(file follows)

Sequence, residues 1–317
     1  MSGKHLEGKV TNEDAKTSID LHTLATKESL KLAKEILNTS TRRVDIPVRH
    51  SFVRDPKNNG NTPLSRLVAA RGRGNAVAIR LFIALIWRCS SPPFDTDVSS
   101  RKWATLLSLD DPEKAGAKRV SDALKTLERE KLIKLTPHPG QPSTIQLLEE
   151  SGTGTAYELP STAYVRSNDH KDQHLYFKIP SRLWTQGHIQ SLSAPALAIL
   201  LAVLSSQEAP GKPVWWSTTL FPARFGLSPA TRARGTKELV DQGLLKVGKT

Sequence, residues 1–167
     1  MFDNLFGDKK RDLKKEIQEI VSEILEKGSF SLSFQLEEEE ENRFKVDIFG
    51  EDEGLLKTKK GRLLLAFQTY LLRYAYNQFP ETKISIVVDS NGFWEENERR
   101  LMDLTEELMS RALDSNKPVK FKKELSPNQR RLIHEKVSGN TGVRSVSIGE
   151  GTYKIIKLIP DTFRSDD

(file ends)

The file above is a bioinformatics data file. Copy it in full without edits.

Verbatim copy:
Sequence, residues 1–317
     1  MSGKHLEGKV TNEDAKTSID LHTLATKESL KLAKEILNTS TRRVDIPVRH
    51  SFVRDPKNNG NTPLSRLVAA RGRGNAVAIR LFIALIWRCS SPPFDTDVSS
   101  RKWATLLSLD DPEKAGAKRV SDALKTLERE KLIKLTPHPG QPSTIQLLEE
   151  SGTGTAYELP STAYVRSNDH KDQHLYFKIP SRLWTQGHIQ SLSAPALAIL
   201  LAVLSSQEAP GKPVWWSTTL FPARFGLSPA TRARGTKELV DQGLLKVGKT

Sequence, residues 1–167
     1  MFDNLFGDKK RDLKKEIQEI VSEILEKGSF SLSFQLEEEE ENRFKVDIFG
    51  EDEGLLKTKK GRLLLAFQTY LLRYAYNQFP ETKISIVVDS NGFWEENERR
   101  LMDLTEELMS RALDSNKPVK FKKELSPNQR RLIHEKVSGN TGVRSVSIGE
   151  GTYKIIKLIP DTFRSDD